Frustrated, I decided to fish the other side, the lake side. I hauled my gear over a fence, jumped it myself, and found myself next to very calm water looking north to downtown Chicago. I set up at the pipe, and when I looked down I was amazed at what I saw in the water: a HUGE swarm of fish. The kind you see on the discovery channel on shows about the ocean. There were so many of them! I have no real way of estimating how many but I’d have to guess hundreds.

It was amazing! The water was very clear, and as the school swam around, the sun reflected on hundreds of tiny fish bodies like a chandelier in some underwater mansion. Occasionally I saw a much bigger fish chase some of the smaller fish. That was pretty cool; I don’t often have the opportunity to see that.

And then I remembered to fish, so I did. I was sure one of those small fish would be interested in my night crawler, so I plopped it down in the water in the middle of the swarm. I couldn’t figure out what they were… We’re they shad? Baby bass? Alewives?

None of them were the slightest bit interested in my bait. When I tossed a jig and twister into their midst, they followed it around as long as I kept it moving, but lost interest when it was still. Just like trout.

Were these trout!!?

And then I saw a trio of giant carp, or at least what I thought were carp, cruising around the rocks near the swarm of little unknown fish. I saw another fish that wasn’t a carp, but couldn’t tell if it was a smallie, trout, salmon, or something else. Nothing I tossed into the water got any attention. Night crawlers on a makeshift crappie rig off the bottom, under a bobber, jigged; it seemed no presentation could entice these fish.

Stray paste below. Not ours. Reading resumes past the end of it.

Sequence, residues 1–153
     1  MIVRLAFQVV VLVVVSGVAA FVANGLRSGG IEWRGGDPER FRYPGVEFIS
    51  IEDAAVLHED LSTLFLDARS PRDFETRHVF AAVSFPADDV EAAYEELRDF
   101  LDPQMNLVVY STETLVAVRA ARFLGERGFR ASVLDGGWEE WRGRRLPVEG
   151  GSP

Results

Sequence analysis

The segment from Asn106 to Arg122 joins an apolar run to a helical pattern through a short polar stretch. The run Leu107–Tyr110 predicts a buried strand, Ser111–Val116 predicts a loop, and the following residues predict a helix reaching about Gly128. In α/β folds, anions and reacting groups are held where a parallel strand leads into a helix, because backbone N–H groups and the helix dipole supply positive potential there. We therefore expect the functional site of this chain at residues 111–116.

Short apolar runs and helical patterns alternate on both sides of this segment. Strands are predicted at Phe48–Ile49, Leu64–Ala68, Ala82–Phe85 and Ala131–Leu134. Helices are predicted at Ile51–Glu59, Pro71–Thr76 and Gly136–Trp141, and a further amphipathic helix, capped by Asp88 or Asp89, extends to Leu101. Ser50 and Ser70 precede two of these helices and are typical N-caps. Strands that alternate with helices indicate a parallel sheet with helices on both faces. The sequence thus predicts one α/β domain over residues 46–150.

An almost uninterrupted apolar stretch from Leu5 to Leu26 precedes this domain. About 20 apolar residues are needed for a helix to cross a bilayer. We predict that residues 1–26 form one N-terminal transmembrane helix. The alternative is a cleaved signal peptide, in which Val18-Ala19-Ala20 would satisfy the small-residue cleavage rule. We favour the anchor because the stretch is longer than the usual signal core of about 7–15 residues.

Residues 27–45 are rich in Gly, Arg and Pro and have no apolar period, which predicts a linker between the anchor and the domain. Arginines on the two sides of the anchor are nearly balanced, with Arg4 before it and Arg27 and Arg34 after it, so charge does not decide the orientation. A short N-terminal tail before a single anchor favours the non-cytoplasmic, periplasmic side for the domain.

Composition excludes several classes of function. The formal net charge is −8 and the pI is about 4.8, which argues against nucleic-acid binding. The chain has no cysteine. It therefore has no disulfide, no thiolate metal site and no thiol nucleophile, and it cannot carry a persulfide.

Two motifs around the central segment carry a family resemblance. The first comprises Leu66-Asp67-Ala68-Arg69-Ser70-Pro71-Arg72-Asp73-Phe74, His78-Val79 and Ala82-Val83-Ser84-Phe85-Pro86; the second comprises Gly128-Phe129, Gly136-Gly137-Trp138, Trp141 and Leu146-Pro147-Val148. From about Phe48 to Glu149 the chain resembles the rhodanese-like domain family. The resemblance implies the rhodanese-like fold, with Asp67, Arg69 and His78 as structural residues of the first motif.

Finally I caught a goby. I may or may not have put it back on the hook. And it may or may not have elicited a strike from something, that may or may not have reminded me of a smallmouth bass… But alas, I missed the hook set and it didn’t happen again.

After at least an hour and three gobies later, I decided to go back to the first spot. Some marina guys came and unlocked the gates, finally, so I made my way to the spot at the pipe. When I looked in the clear water, sure enough there was a swarm of fish there too. Still couldn’t tell what they were, but I was excited to watch the fish. At one point I saw something I was positive was a big smallmouth bass, swimming casually a few feet under the swarm, but it was not interested in anything I dangled in front of its face.